The London Intelligence tells London’s story through data. This publication analyses how London’s economy is faring five months into the coronavirus crisis. This issue is produced in association with the Policy Institute and the Centre for Urban Science and Progress, at King’s College London.
Spending is close to or above normal levels in some outer London suburbs, while in-store purchases are at rock bottom in central London. Overall, the economic impact of lockdown has been just as severe in London as in the rest of the country: unemployment-related benefit claimants have soared, and there’s been a sharp slump in advertised job vacancies.
COVID-19 CASE RATE
Since the peak in early April, London’s daily case rate has been lower than other UK cities
London was hit hardest by coronavirus at the beginning of the pandemic but between April and August, London’s daily case rate has remained lower than other UK cities, and similar to case levels seen in rural areas.
Take up of the Job Retention Scheme in London has been similar to the rest of the UK
30 per cent of London jobs have been furloughed at some point and this share is the same as in the rest of the country. But the London furlough rates look somewhat different once broken down by sector, lower than the UK in professional services, finance and insurance and construction, but higher for ‘domestic employers’, such as housecleaning or childminding occupations.
London has seen a steep increase in the number of people claiming unemployment-related benefits
There were 2.5 times more unemployment benefit claimants in London as of June than at the beginning of the year. The most visible economic impacts of the pandemic have been in central London, with deserted offices and shuttered shops, but it is outer London boroughs which have seen the greatest increase in the number of claimants.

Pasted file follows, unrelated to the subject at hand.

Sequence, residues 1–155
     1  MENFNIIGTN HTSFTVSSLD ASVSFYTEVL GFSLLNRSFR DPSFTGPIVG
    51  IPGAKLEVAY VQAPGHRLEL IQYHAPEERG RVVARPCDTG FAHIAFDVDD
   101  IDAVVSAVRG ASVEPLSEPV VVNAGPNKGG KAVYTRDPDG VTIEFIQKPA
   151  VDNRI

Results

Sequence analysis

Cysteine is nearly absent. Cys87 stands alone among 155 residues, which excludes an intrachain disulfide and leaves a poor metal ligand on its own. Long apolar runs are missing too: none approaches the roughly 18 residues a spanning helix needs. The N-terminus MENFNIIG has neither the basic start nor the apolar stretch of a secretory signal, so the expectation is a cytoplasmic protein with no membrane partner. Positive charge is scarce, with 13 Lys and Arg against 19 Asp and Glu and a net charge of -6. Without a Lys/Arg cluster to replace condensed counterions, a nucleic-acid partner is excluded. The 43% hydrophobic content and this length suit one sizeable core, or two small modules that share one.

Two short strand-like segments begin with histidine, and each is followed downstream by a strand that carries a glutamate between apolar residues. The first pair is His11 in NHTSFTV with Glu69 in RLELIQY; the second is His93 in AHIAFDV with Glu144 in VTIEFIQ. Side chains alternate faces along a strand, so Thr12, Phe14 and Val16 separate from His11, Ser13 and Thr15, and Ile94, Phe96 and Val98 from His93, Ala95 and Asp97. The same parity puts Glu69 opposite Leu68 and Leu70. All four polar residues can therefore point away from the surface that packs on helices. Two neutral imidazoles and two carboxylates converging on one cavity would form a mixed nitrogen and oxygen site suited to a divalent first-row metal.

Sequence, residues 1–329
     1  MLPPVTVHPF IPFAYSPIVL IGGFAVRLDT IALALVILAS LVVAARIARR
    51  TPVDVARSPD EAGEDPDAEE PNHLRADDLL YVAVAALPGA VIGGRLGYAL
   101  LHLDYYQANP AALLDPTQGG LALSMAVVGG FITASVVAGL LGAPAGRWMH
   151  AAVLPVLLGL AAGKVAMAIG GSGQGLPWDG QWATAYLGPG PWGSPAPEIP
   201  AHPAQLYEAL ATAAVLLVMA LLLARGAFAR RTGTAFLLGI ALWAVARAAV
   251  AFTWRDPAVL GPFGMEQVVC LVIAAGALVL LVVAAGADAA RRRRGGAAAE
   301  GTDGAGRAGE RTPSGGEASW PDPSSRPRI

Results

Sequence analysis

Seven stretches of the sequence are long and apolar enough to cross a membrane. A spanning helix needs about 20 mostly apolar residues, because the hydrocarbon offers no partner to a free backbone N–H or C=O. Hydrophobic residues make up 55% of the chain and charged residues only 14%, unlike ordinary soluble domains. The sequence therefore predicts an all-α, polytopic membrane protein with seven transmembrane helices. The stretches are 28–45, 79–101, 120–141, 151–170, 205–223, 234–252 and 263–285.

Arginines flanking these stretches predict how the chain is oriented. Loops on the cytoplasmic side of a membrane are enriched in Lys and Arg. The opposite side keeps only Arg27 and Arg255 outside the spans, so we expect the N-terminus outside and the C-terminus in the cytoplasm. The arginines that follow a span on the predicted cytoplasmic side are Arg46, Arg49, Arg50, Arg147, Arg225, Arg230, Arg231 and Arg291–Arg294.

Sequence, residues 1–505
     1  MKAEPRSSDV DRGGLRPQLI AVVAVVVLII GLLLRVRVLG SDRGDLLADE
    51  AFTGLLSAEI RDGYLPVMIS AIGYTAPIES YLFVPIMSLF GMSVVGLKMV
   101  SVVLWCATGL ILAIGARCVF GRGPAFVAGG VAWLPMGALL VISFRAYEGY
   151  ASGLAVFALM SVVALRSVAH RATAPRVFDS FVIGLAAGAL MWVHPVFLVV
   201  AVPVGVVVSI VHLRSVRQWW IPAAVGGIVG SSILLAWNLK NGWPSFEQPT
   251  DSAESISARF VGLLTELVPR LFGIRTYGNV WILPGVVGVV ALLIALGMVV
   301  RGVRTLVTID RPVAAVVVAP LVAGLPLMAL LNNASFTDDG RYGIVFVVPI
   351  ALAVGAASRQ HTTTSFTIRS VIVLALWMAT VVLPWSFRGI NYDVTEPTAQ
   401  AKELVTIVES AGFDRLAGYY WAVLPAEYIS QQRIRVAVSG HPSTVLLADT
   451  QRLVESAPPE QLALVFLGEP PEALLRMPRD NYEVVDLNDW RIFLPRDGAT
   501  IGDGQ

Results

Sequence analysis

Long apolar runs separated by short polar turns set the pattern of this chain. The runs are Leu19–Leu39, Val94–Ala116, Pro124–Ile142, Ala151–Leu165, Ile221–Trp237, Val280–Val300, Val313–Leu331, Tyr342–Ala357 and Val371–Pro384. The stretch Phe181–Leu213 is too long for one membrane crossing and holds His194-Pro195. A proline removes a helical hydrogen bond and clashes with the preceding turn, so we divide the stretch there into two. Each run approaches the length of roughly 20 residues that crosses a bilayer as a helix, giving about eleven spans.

Recruitment in London’s job market is still deeply depressed
Job adverts in London started to recover in July, but were still down 56 per cent compared to the same period in 2019, as measured by the market leading job search tool Indeed. The most adversely impacted sectors nationally continue to be those that were most affected by lockdown – hospitality, food preparation, maintenance, cleaning driving and construction.
Many Londoners and regional commuters have continued to work remotely, with some evidence of a ‘suburban recovery’
Spending fell steeply in central London during the first wave of the pandemic, and by mid-July, transaction levels were still down 60 per cent compared to January for grocery and apparel shops, and down 80 per cent for restaurants.
Some spending has shifted to smaller town centres. For example in Southall and East Ham, grocery spending held up throughout the pandemic, while apparel purchases and eating out had already returned to or surpassed their pre-crisis level by mid-July.
Public transport use in the city is still very low
Ridership on the London Underground in July was still 70 per cent below normal levels, despite service provision across the network increasing. Travel across the city, particularly into the City of London, airports, and tourist trips remain lower than other trip types, such as suburban travel.
Road traffic levels are back to normal
Traffic on London’s roads has resumed, risking a return to poor air quality and increased congestion across the road network. The number of private cars on the city’s roads are now only five per cent below pre-crisis levels.
While London’s cycling levels have surged above pre-crisis levels
London is experiencing a cycling boom, with numbers already back to normal on weekdays and even tripling on some weekends. The length of the average cycle hire trip has more than doubled, from 20 minutes in May 2019 to 42 minutes in May 2020